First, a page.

Senator McAllister: I will ask Mr Deeble to do that. Senator, thanks for your questions. For clarity and to augment Mr Jeffrey’s evidence to you, I want to be very clear that these new export permits are for items used by Australian defence and law enforcement, and will return to Australia. If I can make a broader observation, we’ve had a number of discussions in this committee about the regime that’s in place in Australia. It’s a rigorous regime that’s designed to ensure that we can meet our international obligations, and it necessarily involves an assessment of changing risk profiles and the nature of a conflict on the ground. Self-evidently, the circumstances in the Middle East are changing and are quite challenging and have made it challenging for some of these assessments to take place. As the circumstances of that conflict have evolved, the government continues to calibrate the approach and the permits that have been issued have been issued for these items which are used by Australian defence and law enforcement.

We’re committed to preserving our capability. Some of that is manufactured and repaired by companies based in Israel. It’s in our interest to maintain that capability and so, in these circumstances, we do need to export items that support those capabilities back to their original manufacturer for construction, maintenance or repair before their being returned to Australia. So it’s in that context that these six permits have recently been approved. We are also scrutinising pre-existing export permits to Israel to ensure that they align with this calibrated approach.

Senator GHOSH: Thank you, Minister.

Senator McAllister: Mr Deeble may have a little bit to add. I’m conscious that you have limited time, but he may have something to add.

CHAIR: Another minute and then I’ve got to move the call along.

Senator GHOSH: If there is anything—

Mr Deeble : Most of the work that we’re doing with Israeli companies to support our capability is in the land domain. We have a number of projects that are in flight today—and have had previously in flight—that use Israeli technology. We do so because they provide world-leading and world-class capability, and we want to ensure that our soldiers, sailors and aviators get the best capability. That’s why we use the Israeli technology. The nature of the technology could be the Spike LR2 missile, which provides high lethality on the battlefield. It’s an anti-tank weapon. The turret for the LAND400 phase 3 infantry fighting vehicle is made by a company called Elbit. Israeli technology is very key in things like active protection systems and survivability of vehicles on the battlefield. We also use a number of their technology semiconductors in remote weapon stations. As I said, armoured protection systems, thermal imaging systems, transparent armour and concept materials, batteries and other areas that are very appropriate for our capability here in Australia. I will happily take it on notice and provide you with a more substantive list of those technologies.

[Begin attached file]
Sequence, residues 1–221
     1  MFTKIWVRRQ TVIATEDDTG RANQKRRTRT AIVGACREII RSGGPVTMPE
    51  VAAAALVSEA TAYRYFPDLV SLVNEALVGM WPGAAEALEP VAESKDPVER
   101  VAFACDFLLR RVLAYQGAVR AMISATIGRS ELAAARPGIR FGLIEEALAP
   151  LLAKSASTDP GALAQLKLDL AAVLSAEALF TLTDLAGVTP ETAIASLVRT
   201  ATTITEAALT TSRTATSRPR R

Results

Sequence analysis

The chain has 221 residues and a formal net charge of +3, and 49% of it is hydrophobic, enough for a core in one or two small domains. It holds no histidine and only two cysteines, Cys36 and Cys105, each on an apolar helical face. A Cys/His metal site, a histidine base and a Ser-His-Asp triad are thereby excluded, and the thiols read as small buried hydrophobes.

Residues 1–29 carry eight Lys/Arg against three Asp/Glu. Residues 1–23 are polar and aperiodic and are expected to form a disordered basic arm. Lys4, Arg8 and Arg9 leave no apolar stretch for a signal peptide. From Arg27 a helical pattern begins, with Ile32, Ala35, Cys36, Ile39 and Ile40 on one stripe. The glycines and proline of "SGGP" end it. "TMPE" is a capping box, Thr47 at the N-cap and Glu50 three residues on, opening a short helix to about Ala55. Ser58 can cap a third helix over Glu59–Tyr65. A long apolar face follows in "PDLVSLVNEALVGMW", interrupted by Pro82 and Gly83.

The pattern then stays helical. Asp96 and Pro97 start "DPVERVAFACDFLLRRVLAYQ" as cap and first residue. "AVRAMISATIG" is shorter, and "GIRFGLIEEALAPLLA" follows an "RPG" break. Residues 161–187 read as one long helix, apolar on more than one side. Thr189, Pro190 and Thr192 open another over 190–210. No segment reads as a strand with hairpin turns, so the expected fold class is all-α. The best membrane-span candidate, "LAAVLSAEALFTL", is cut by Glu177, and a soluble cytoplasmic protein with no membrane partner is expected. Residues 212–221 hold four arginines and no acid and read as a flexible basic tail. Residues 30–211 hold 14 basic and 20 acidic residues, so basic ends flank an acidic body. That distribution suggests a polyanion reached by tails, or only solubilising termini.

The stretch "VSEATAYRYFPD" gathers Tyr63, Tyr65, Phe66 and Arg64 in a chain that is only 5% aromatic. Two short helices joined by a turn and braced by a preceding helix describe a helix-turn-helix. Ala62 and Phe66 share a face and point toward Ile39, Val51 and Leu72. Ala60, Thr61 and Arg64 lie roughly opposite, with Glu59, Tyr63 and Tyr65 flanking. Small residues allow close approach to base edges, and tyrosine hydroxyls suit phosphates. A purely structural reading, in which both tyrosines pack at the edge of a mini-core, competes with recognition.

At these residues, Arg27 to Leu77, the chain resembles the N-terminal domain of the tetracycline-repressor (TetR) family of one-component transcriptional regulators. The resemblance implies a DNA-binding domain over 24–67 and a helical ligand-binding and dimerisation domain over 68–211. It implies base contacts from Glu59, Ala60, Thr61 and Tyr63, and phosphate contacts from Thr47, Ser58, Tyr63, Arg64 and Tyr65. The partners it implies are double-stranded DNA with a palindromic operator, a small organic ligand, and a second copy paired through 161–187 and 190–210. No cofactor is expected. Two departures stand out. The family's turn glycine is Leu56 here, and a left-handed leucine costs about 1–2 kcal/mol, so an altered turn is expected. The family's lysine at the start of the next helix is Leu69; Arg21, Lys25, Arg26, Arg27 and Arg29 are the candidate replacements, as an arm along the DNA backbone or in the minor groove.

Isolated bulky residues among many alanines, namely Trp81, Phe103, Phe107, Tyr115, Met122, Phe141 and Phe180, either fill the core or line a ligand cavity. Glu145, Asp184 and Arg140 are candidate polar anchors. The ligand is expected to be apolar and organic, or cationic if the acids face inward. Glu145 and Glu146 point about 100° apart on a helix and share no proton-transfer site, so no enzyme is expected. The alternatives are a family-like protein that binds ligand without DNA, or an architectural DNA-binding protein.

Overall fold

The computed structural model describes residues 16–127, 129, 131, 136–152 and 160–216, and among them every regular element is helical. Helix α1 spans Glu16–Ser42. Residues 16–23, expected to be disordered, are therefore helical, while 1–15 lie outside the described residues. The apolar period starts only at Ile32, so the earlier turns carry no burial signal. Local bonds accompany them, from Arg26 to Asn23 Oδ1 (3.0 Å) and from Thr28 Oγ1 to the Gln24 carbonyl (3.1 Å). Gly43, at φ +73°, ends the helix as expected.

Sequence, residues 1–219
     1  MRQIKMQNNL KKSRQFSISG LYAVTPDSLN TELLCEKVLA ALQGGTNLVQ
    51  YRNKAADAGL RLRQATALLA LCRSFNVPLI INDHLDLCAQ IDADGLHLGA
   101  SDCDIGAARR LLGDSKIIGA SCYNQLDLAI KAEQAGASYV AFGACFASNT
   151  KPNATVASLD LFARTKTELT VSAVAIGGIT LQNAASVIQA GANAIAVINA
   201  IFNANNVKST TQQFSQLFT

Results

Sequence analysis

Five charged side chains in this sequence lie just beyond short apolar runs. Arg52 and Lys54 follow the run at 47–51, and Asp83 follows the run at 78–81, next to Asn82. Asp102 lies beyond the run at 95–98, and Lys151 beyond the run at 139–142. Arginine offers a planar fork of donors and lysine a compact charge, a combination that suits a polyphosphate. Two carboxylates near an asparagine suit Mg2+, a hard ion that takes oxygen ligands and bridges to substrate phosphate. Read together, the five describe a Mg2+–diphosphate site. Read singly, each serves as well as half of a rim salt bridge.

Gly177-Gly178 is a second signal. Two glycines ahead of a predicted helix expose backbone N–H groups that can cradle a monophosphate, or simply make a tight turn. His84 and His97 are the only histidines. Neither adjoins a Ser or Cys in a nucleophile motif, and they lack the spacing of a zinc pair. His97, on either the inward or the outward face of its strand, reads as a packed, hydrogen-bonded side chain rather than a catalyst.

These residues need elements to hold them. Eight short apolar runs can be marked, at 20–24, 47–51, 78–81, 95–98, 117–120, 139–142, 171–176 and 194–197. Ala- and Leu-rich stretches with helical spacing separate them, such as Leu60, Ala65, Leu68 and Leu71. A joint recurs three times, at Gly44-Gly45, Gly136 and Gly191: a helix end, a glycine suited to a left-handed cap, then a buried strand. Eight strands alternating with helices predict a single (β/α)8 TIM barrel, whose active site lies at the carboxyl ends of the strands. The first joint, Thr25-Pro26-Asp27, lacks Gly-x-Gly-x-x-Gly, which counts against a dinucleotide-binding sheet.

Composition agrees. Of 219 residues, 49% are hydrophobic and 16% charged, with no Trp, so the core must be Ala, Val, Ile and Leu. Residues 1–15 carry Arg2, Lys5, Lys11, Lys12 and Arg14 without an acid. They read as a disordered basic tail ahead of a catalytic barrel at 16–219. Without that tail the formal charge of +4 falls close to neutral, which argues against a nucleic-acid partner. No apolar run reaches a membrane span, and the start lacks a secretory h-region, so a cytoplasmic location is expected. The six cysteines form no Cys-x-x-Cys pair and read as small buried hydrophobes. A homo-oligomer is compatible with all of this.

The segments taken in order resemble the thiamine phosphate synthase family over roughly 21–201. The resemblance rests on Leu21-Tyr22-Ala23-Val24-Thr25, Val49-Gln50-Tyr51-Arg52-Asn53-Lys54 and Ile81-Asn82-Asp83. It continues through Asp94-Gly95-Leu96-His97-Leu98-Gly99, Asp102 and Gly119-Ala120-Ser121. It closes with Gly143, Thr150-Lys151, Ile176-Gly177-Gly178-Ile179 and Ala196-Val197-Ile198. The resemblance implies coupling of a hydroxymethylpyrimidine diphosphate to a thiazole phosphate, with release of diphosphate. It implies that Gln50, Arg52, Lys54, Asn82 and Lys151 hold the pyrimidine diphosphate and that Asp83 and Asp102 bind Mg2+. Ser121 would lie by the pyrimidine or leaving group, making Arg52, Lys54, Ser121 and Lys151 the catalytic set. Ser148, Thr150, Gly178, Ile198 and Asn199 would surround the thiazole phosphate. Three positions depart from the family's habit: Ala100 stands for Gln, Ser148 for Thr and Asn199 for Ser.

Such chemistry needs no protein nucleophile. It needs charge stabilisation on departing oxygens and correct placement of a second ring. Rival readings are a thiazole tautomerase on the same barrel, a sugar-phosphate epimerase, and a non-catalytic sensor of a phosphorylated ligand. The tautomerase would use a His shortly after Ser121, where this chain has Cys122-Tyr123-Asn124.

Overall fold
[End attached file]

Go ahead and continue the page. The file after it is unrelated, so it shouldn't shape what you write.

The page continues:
Senator GHOSH: Thank you for the indulgence, Chair. I have one more question in this block. May I ask about a piece of information that’s appeared publicly and has been reported on? I’m referring here to the data that’s been published on the DFAT website that listed $1.5 million worth of exports to Israel in the category of arms and munitions. Are you able to explain what that data refers to and clarify that information in light of the answers you have given to this committee today?

Mr Nockels : The data that you’re referring to that’s been public, I think is the data that the Department of Foreign Affairs and Trade publishes on its website. I think it’s useful to understand where that data is drawn from, then I’ll talk to how we assure ourselves that, even though the headline is arms and ammunition, that is not the fact the case.

That data is collected by the Australian Border Force at the border. All exporters, as they export goods out of Australia, need to engage with the customs aspect of the Border Force, and they need to record what is leaving the country. That data is collected by the Australian Border Force. It’s then compiled by the Australian Bureau of Statistics, and they then provide that to the Department of Foreign Affairs and Trade, who then publish it on their website.

In order for ABF and the ABS to compile those statistics, they ask the exporter to indicate under what category that export might fall. As you would expect in that sort of system, there is a dropdown menu and somebody ticks on that. When it comes to things that are related to the Defence and Strategic Goods List, the DSGL, which is what we in Defence look after under the Defence Trade Controls Act, companies tend to move to arms and ammunition, because there’s nothing that specifically talks to dual-use technology or whether it’s on the Defence and Strategic Goods List. That’s why they tick that box. That is why, when it appears on the DFAT website, it appears as arms and ammunition.

What we have done in Defence is cross-reference the data that the Australian Border Force has collected at the border with our data, in terms of our permits. We have assured ourselves that what has been publicly put forward in the media is in fact incorrect and that it is not arms and ammunition; it is in fact related to what Mr Jeffrey just talked about. It is in fact goods and technologies that normally would flow. In particular, the most recent figure that has been referred to as $1.5 million is for a single item that is a return to Australia item that falls under the category of what we’ve just been talking about, in that it supports Australian defence capability.

Senator McAllister: For clarity, as I understand it, it is a single item used by the ADF, and that item will return to Australia. The official may correct me, but that is my understanding.

Mr Nockels : That is correct, minister.

Link to Parliamentary Hansard